Deep Dirty Truth by Steph Broadribb: Once Again, the Lori’s (almost) in Over her Head

Deep Dirty TruthDeep Dirty Truth

by Steph Broadribb
Series: Lori Anderson, #3

Kindle Edition, 320 pg.
Orenda Books, 2018

Read: December 5, 2018


After all the drama and trauma of her recent past, Lori is taking only easy assignments — her life needs to coast for a bit. Naturally, that’s not going to work too well (why would we read about that? Also, why would Broadribb be nice to her now?) — she’d kidnapped by the Miami Mob and we readers have to be braced for all sorts of nasty things to happen to her. And while it is nasty — no one is prepared for what happens to her.

They want her to do a job for them. If she succeeds, they offer to wipe the slate clean. If she fails (or refuses), she, Dakota and JT are dead. Honestly, there’s a pretty good chance they’ll die no matter what, but there’s a chance with the former. All she has to do is retrieve the “numbers man” for the family, currently under FBI protection before he testifies against the family in a couple of days. It’s pretty cool to see how good Lori does at this until things go horribly, horribly wrong (not much of a spoiler, really — the book isn’t going be too suspenseful if she has an easy time of it).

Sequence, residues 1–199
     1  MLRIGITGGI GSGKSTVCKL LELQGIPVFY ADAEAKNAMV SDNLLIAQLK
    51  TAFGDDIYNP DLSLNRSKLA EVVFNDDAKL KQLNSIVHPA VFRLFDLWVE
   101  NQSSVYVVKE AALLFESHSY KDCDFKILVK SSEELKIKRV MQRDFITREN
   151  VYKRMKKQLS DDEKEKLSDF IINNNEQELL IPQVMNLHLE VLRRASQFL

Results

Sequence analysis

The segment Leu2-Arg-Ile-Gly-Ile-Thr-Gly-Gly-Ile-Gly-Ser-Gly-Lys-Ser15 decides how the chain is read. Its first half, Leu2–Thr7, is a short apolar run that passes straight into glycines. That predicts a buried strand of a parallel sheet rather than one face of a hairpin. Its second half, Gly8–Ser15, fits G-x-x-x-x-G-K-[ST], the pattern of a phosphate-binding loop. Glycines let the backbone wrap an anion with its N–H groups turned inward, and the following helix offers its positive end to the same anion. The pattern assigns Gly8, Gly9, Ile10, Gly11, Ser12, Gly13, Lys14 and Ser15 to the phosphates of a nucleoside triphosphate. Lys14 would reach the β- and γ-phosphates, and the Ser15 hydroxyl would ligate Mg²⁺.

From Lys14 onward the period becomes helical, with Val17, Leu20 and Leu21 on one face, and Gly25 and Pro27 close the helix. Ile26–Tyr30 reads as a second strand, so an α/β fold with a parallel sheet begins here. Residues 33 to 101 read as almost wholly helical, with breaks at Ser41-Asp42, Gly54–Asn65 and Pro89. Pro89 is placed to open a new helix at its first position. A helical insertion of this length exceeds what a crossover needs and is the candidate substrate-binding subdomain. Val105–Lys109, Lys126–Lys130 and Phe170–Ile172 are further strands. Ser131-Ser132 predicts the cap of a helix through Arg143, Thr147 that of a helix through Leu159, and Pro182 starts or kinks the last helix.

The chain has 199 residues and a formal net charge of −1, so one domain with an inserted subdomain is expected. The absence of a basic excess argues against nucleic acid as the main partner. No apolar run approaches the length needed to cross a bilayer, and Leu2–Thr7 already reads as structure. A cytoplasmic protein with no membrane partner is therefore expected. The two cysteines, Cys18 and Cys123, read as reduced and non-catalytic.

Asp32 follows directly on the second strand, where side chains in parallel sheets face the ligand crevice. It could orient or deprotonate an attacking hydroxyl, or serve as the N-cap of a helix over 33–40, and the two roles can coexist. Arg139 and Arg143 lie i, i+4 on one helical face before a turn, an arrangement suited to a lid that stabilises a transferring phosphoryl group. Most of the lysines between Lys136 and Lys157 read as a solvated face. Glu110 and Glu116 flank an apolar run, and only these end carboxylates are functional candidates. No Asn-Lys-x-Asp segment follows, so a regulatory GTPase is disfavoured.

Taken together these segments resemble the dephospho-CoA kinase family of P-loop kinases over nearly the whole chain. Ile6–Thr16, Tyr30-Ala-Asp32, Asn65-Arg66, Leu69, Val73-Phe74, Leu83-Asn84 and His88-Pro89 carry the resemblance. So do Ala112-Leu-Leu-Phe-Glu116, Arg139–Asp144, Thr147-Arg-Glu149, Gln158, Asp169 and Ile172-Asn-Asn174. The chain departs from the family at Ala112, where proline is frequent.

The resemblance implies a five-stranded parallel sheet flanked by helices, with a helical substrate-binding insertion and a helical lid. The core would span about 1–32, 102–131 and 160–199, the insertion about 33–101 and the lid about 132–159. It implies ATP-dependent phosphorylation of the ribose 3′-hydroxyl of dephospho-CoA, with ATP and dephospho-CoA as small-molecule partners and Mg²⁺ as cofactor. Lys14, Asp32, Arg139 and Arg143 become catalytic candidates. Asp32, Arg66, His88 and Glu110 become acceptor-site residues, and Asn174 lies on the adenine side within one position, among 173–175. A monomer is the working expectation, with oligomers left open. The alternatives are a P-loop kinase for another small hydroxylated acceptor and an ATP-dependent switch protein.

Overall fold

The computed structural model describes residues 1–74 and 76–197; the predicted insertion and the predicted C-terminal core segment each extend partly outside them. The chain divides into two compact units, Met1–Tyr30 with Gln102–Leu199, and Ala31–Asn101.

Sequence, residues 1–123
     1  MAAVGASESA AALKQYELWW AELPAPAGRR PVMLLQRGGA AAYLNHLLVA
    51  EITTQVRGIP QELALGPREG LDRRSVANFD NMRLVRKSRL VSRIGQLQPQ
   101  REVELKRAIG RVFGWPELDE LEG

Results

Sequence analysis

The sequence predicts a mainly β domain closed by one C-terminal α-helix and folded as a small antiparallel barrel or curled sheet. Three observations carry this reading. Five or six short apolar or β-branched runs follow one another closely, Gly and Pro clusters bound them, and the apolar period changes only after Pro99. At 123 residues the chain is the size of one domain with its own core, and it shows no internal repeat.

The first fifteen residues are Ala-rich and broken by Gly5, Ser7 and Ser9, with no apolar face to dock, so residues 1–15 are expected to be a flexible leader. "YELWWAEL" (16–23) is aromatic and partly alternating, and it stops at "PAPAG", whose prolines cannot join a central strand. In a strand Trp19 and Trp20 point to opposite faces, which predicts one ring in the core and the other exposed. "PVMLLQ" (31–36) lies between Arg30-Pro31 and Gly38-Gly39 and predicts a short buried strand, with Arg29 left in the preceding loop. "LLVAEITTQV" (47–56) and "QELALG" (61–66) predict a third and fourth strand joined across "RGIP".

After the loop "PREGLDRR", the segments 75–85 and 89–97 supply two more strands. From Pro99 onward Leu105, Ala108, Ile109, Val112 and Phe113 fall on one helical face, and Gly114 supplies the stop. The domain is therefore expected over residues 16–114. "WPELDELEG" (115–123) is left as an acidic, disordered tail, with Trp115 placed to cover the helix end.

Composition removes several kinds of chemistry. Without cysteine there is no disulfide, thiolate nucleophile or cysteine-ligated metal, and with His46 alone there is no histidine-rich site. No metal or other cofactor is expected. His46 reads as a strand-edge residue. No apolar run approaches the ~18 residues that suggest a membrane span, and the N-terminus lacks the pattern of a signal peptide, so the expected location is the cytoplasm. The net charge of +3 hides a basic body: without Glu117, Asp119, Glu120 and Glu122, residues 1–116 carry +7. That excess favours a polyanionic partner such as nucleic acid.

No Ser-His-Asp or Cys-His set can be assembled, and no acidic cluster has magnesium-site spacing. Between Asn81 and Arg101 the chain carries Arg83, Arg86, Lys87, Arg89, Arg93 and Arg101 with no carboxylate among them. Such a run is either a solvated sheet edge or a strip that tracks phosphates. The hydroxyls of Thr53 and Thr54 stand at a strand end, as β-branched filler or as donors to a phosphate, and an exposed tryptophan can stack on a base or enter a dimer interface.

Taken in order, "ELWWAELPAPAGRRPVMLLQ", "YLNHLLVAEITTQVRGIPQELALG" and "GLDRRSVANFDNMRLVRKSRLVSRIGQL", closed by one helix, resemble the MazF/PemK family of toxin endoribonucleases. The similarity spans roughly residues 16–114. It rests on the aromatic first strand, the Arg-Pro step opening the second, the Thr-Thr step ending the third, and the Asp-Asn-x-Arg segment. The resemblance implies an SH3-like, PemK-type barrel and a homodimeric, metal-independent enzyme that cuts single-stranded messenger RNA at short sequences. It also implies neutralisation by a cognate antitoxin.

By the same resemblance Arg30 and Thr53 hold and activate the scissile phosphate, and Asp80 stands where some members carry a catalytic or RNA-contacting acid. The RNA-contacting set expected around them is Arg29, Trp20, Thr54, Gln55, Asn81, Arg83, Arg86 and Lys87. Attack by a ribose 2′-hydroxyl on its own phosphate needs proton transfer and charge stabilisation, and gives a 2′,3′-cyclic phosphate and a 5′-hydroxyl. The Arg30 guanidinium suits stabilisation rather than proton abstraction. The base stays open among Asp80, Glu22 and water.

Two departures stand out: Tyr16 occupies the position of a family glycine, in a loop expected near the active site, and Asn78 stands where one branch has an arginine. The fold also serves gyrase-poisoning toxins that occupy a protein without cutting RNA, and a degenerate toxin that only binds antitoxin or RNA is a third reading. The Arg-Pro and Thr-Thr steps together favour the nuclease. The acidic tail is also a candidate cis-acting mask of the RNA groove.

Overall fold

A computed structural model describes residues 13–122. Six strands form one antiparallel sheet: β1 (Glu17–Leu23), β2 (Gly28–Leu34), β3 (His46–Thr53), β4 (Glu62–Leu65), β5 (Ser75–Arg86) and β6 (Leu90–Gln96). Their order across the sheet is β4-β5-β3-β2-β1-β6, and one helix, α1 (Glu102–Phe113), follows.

Meanwhile, JT and Dakota run to safety — which goes only slightly worse than Lori’s assignment. JT isn’t anywhere near as healthy as he should be to handle this kind of thing — but he doesn’t have much of a choice. It’s his little girl, what else can he do? It’s great to see JT in action like this. But at some point, at the rate things are going for her, Dakota’s going to end up catatonic or like the little girl in Logan. My money’s on the latter.